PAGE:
The project has a total duration of 46 months and is forecast to be completed by the end of 2016. The expected level of development will then enable a transfer into industrial series manufacturing within approximately two and a half years. The series manufacturing of FC stacks for automotive use originating from European development and manufacturing will thus be a realistic option from around 2018/2019 onwards. The project will therefore close a critical gap in the German and European value added chain and also provide a substantial contribution to increasing the level of European competitiveness with an important technology of the future.
The market launch of FC vehicles by Toyota and Hyundai was recently initiated. With these vehicles, some initial experiences have been gathered in the area of customer business, and the market response has also been tested. Other manufacturers are set to follow over the years to come. At the same time, the development of the H2 refueling infrastructure is being driven forwards in the leading key markets, although some time is required before large volumes of FC vehicles can be sold marketed appropriately.
The developmental status and a sample construction of the stack prototype were presented at the 2015 Hanover trade show, and as hoped, elicited considerable interest with vehicle manufacturers and system integrators. Follow-up discussions have already been scheduled with some players. From the start of next year, it will be possible for A-samples to be supplied to vehicle manufacturers or system integrators for the purpose of testing and demonstration. AutoStack-Core therefore slots in very well in the wider context of the general technological developments. The consortium is ready to drive the future development of fuel cell propulsion systems forwards, and to support potentially interested parties with their development.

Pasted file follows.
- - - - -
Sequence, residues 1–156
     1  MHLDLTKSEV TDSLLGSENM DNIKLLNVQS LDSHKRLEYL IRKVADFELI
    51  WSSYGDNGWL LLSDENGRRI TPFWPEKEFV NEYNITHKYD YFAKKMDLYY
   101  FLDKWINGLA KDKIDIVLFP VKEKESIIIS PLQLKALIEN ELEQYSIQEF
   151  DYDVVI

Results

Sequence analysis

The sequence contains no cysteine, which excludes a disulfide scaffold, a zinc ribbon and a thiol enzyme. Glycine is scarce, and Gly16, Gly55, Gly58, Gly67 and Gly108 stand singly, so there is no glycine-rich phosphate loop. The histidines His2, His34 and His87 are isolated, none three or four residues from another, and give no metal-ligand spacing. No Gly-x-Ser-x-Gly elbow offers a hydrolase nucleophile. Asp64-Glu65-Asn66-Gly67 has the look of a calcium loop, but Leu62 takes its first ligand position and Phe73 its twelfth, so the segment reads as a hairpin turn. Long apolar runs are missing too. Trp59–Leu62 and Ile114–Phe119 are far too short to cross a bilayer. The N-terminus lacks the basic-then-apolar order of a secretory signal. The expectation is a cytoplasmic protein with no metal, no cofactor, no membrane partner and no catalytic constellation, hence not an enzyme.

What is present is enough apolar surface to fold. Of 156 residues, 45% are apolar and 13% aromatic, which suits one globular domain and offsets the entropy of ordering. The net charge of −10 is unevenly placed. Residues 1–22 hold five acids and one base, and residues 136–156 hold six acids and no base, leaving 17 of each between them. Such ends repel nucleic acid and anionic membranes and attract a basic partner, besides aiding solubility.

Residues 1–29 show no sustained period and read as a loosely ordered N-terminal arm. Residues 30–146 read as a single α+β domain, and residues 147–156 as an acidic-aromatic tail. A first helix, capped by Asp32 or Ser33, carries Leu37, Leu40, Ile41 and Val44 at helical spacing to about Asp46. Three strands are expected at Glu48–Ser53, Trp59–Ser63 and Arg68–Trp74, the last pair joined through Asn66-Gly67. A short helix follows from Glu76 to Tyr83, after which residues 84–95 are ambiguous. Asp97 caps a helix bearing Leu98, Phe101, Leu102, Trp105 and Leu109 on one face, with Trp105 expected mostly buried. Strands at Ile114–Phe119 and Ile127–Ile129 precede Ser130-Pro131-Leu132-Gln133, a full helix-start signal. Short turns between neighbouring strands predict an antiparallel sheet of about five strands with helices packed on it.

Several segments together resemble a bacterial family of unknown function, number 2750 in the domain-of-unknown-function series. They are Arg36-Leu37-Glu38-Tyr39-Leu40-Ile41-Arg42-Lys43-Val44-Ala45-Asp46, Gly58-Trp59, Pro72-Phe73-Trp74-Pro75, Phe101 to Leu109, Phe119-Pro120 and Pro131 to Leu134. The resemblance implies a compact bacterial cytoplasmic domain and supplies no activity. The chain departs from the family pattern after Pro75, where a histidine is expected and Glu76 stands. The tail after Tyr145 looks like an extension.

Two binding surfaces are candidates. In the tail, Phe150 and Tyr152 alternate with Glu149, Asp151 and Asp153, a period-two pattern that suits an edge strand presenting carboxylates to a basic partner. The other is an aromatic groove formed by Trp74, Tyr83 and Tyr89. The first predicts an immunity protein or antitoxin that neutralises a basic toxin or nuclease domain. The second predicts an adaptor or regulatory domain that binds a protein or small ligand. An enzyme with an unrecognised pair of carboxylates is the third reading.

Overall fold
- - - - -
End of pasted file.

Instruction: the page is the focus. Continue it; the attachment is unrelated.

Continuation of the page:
AutoStack-Core is receiving support in the scope of the European Fuel Cell and Hydrogen Joint Undertaking program (FCH-JU GA 325335). The participants include the auto manufacturers BMW, Volkswagen and Volvo as well as the supply firms Belenos, Dana, Freudenberg, PowerCell and Solvicore. CEA, Fraunhofer ISE, PSI and ZSW are also accompanying the project as research institutes.
Literatur: B. D. James, J. M. Moton, W. G. Colella, Mass Production Cost Estimation of Direct H2 PEM Fuel Cell Systems for Transport Applications 2013 Update; Strategic Analysis Inc., Arlington VA (2014)
André Martin, André Martin Consulting, Idstein, firstname.lastname@example.org
Dr. Ludwig Jörissen, Zentrum für Sonnenenergie- und Wasserstoff-Forschung Baden-Württemberg (ZSW), Ulm, email@example.com